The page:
Following up on 3 contracts of note

On Monday, we rolled out a directory of the Patriots’ offseason acquisitions. The list included players added via free agency, the draft, and those who were re-signed to new deals to remain a part of the Patriots franchise.

Also included were the available financial figures for each player’s deal, which prompted conversation that we took notice of in the comments section of the piece.

Three players in particular -- Brian Hoyer, Steve Gregory and Matthew Slater -- had deals that stood out to commenters, and here’s some added insight into why the deals may have been constructed how they were:


The Hoyer contract is the easiest to figure, because it’s a byproduct of the salary-cap structure. Hoyer, 26, was a restricted free agent tendered at the second-round level. That meant that a team could have signed him to an offer sheet, which the Patriots would have had seven days to match or subsequently receive a second-round pick in exchange. The value of the tender contract is pre-determined by the salary cap, rendering his $1.92 million contract a fixed price. While some may feel that’s a lot of money to pay a player who may not see the field at all in 2012, the value of dependable backup quarterbacks has arguably never been higher. Insurance for Tom Brady is critical, and although 2011 draft choice Ryan Mallett has shown promise, Hoyer still appears to have a hold on the top reserve role.


It’s still too soon to project starting lineups for the Patriots, and surely that is the case in the secondary, where it would appear that the rotation of players who will regularly contribute is fluid. But whether he aligns as a starter or reserve, Gregory has value on the roster for the Patriots. As the NFL has shifted towards a league increasingly reliant on passing offenses, the need for defenses to play sub-package personnel has grown. Gregory could find himself as a starter alongside Patrick Chung (who would figure to once again play a starting role this season), or as an integral reserve when the Patriots alter their defensive personnel. Beyond his defensive contributions, Gregory should factor on special teams, an area in which he was strong with the Chargers. When examining the figures on this contract, the overall impact of Gregory must be taken into account, not just the number of games that he starts.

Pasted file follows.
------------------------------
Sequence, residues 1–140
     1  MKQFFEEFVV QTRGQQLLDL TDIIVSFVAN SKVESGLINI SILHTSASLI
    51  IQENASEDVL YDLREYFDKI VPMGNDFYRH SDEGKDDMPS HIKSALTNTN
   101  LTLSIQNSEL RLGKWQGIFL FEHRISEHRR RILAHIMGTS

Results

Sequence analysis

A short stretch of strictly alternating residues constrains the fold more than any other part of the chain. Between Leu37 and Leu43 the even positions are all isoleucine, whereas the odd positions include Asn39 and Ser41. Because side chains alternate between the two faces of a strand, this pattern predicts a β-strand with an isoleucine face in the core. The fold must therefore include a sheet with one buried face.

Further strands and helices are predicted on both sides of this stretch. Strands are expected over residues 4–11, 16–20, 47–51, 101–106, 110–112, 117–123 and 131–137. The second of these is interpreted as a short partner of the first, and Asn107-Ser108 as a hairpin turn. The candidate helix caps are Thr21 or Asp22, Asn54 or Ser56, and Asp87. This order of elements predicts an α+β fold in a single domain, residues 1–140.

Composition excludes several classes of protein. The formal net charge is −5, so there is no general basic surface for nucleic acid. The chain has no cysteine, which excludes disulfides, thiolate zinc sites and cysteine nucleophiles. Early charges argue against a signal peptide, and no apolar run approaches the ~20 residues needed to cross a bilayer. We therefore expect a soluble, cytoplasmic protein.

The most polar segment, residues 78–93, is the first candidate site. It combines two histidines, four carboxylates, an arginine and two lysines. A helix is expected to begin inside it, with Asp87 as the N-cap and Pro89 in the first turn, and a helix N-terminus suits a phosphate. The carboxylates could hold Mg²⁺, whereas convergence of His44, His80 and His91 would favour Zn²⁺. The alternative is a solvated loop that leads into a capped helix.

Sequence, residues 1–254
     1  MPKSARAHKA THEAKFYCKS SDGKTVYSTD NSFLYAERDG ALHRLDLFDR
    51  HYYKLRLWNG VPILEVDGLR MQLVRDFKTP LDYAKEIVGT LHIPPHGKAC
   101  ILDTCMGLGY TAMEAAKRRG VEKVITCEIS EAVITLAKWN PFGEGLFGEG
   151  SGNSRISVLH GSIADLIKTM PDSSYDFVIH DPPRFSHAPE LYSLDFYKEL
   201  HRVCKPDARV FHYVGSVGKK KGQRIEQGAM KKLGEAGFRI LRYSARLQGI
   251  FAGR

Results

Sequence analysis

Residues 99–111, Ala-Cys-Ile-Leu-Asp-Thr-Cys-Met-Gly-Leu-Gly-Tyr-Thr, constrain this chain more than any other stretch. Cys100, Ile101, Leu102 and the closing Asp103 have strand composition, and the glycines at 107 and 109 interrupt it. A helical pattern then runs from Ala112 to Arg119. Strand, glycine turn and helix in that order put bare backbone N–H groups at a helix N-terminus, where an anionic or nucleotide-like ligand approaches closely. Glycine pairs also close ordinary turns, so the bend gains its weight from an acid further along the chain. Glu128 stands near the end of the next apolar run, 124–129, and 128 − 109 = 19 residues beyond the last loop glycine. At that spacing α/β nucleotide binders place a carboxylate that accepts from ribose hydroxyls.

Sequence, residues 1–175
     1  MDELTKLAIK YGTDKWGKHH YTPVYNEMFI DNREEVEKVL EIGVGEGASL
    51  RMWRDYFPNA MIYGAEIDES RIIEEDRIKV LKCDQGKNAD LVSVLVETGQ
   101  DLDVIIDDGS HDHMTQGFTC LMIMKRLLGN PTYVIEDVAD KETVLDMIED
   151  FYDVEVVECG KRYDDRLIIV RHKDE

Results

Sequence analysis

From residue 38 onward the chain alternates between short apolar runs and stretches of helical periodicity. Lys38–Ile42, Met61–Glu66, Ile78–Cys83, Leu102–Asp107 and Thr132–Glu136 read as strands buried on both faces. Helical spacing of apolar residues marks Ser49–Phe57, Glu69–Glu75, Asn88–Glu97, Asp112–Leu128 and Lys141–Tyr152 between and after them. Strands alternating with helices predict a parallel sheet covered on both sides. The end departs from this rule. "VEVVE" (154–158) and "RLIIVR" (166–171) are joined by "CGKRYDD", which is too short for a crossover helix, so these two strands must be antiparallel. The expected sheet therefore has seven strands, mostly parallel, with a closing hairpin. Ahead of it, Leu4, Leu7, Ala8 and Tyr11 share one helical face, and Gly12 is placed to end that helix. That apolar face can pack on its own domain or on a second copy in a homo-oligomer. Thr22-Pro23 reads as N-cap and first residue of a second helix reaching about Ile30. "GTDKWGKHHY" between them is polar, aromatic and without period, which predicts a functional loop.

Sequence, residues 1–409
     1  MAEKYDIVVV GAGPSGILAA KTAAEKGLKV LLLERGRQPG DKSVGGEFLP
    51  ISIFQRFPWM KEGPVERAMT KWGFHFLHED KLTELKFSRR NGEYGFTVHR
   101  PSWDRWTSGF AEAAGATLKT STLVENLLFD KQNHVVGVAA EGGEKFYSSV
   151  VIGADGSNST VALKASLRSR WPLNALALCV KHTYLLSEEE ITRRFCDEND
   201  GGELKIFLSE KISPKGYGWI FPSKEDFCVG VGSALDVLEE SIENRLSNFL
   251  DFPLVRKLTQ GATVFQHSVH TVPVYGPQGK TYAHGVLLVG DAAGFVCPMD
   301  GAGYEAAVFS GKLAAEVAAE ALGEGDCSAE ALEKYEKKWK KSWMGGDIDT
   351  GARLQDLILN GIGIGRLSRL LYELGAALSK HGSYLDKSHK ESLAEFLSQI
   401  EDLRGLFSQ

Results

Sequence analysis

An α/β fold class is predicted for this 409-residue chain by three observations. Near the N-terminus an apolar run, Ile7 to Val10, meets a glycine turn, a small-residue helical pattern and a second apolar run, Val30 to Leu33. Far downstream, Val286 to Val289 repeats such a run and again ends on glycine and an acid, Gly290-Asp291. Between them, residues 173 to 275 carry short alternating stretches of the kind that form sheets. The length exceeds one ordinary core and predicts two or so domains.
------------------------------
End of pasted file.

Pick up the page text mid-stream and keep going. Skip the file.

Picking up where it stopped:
The Patriots are loaded at wide receiver, but perhaps it’s best to evaluate Slater outside of the context of his listed position. Slater has just one career catch, and has been used more as a blocker than a receiver on offense, but is the Patriots' top special teams player, and a captain of the unit. Paying him an average of $1.8 million may seem like steep money for a special teamer, but consider that a similar special teams standout – Kassim Osgood – earned a free-agent contract worth more than $2.2 million per season from Jacksonville in 2010 (Osgood was recently released before the final year of the deal). Moreover, the Patriots’ investment in Slater stands as an endorsement for players going about their job the way that Belichick and the entire franchise wants. Slater is selfless, a hard-worker, a leader, and a player who does whatever his coaches ask of him (including playing some safety in 2011). Retaining those types of players at a contract that bears minimal risk on the cap both in the short and long-term is sound business.